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# begins on the previous line
# This macro uses tshark to find TCP connections aka streams in a packet
# trace that have not been terminated by the end of the packet trace.
# The output is a list of stream indexes and a count of the total number of
# streams.
# Version 1.0 March 5, 2017
# Version 1.1 April 1, 2017
# Added copyright and GNU GPL statement and disclaimer
# from
# Copyright (C) 2017 Noah Davids
# This program is free software: you can redistribute it and/or modify it
# under the terms of the GNU General Public License as published by the Free
# Software Foundation, version 3,
# This program is distributed in the hope that it will be useful,
# but WITHOUT ANY WARRANTY; without even the implied warranty of
# GNU General Public License for more details.
if [ $# -ne 1 ] && [ $# -ne 2 ]
then echo "Usage:"
echo " FILE is the name of the trace file to be analyzed"
echo " TSHARK-FILTER is an optional filter to limit the packets"
echo " and connections to be considered"
echo "Example:"
echo " trace.pcap"
echo " trace.pcap \"tcp.port == 1234\" "
if [ ! -e $FILE ]
then echo "Could not find input file $FILE"
# I always echo the command and arguments to STDOUT as a sanity check
echo $FILE $2
# Figure out if we can use "-Y" as the display filter argument or we need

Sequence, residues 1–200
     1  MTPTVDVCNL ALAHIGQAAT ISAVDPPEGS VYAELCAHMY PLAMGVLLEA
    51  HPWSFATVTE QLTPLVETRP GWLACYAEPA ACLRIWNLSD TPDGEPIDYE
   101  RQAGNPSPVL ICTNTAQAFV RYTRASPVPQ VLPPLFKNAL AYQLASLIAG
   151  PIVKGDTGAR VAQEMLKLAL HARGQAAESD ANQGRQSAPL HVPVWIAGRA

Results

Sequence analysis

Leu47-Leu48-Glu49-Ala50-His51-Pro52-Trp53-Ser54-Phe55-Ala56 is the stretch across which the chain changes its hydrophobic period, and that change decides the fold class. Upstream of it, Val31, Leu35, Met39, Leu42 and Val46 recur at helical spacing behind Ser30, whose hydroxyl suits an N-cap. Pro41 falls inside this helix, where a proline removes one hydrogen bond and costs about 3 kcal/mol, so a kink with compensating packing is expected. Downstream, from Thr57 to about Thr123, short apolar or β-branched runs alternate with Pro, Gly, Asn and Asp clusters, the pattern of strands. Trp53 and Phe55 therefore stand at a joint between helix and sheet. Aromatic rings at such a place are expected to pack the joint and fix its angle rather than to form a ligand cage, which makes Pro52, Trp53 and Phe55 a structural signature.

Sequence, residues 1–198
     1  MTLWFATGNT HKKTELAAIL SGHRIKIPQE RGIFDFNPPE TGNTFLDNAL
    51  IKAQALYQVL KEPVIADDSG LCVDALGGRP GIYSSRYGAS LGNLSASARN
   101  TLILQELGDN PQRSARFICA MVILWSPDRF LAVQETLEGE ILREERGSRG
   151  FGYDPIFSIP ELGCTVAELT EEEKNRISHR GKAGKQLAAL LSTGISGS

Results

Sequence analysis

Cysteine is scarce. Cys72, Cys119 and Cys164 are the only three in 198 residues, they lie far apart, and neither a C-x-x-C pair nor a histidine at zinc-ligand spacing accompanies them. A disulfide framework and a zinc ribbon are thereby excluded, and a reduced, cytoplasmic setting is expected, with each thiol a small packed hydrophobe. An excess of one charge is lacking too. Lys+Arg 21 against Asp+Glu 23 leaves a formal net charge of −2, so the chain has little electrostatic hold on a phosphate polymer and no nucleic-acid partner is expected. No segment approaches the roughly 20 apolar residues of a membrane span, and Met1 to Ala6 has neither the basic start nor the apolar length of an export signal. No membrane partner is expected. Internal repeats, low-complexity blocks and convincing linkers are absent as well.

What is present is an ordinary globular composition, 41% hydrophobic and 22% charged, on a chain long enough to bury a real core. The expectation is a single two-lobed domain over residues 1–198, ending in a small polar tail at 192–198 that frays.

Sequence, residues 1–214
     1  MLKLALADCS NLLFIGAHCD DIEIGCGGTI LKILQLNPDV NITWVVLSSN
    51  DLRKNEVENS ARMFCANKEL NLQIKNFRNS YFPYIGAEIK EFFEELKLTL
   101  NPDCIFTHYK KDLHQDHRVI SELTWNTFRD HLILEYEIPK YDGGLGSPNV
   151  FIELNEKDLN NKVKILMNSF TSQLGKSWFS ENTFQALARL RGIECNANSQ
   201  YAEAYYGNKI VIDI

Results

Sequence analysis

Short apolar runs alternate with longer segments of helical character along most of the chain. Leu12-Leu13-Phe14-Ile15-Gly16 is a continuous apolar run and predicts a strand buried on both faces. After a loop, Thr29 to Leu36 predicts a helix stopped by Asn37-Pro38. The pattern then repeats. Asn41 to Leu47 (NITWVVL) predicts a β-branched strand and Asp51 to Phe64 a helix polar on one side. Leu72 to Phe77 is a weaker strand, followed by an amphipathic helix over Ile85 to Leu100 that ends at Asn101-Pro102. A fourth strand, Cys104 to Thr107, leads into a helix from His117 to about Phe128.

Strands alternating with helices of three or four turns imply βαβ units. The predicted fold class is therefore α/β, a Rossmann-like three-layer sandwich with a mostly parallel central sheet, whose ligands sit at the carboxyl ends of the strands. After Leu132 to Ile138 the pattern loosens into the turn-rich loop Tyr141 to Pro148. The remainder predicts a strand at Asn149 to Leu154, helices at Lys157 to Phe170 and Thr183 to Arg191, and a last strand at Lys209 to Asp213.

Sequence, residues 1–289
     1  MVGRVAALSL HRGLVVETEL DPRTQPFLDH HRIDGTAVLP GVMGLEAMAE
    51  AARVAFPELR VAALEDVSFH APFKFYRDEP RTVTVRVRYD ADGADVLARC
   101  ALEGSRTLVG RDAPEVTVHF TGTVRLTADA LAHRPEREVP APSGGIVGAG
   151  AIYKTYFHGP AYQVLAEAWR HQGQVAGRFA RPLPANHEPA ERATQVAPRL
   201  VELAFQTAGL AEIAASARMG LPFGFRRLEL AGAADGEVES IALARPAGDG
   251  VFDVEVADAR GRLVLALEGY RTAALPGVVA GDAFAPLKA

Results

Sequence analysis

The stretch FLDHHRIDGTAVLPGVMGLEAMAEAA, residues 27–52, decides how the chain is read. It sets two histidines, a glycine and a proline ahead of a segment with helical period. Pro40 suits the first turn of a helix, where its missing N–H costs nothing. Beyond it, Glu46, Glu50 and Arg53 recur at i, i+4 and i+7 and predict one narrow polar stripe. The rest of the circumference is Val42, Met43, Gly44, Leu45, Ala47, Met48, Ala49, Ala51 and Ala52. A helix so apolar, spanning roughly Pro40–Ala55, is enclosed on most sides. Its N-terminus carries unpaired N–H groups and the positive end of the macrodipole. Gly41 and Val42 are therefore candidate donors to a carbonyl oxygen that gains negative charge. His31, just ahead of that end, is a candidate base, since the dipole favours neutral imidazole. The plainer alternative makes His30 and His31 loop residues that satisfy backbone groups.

# "-R". Basically look at the help output and if we do not find the "-Y"
# we use "-R"
if [ $(tshark -help | egrep "\-Y <display filter>" | wc -l) -eq 0 ]
then DASH="-R"
# Scan the packet capture file and for any TCP packets output the TCP stream
# index and the value if the TCP FIN and TCP RESET flags. Then sort removing
# the duplicates. Writethe list to a temporary file in /tmp.
if [ $# -eq 1 ]
tshark -r $FILE $DASH "" -T fields -e \
-e tcp.flags.fin -e tcp.flags.reset | sort -u \
> /tmp/unterminated-connections-1
# If a filter argument was provided add it to the display filter.
if [ $# -eq 2 ]
tshark -r $FILE $DASH " && $FILTER" -T fields -e \
-e tcp.flags.fin -e tcp.flags.reset | sort -u \
> /tmp/unterminated-connections-1
# Scan the first temporay file and create a new file. Add a dash (-) at the
# end of the TCP stream index and an "F:" and "R:" in front of the FIN and
# reset flags. The dash is needed so that when we search for the index we
# do not get lines where the index is a prefix, i.e. search for 100 and get
# 1000 thru 1009 as well.
cat /tmp/unterminated-connections-1 | awk '{print $1 "- F:" $2 " R:" $3}' \
> /tmp/unterminated-connections-2
# Extract out just the unique TCP stream indexes and then for each index
# search the file for lines with that stream index. Combine all the lines
# by changing new lines to spaces and then filter out anything with "F:1" or
# "R:1". Then print the TCP stream index to a third temporary file.
for x in $(cat /tmp/unterminated-connections-2 | awk '{print $1}' \
| tr "-" " " | sort -nu)
do grep ^$x- /tmp/unterminated-connections-2 | tr "\n-" " " \
| grep -v "R:1" | grep -v "F:1" | awk '{print $1}'
done > /tmp/unterminated-connections-3
# Display the temorary file to the terminal window, then count the lines in the
# file and display that as well
cat /tmp/unterminated-connections-3
echo Total number of unterminated connectionsis $(cat /tmp/unterminated-connections-3 | wc -l)
# clean up the temporary files
rm /tmp/unterminated-connections-1
rm /tmp/unterminated-connections-2
rm /tmp/unterminated-connections-3
# stops here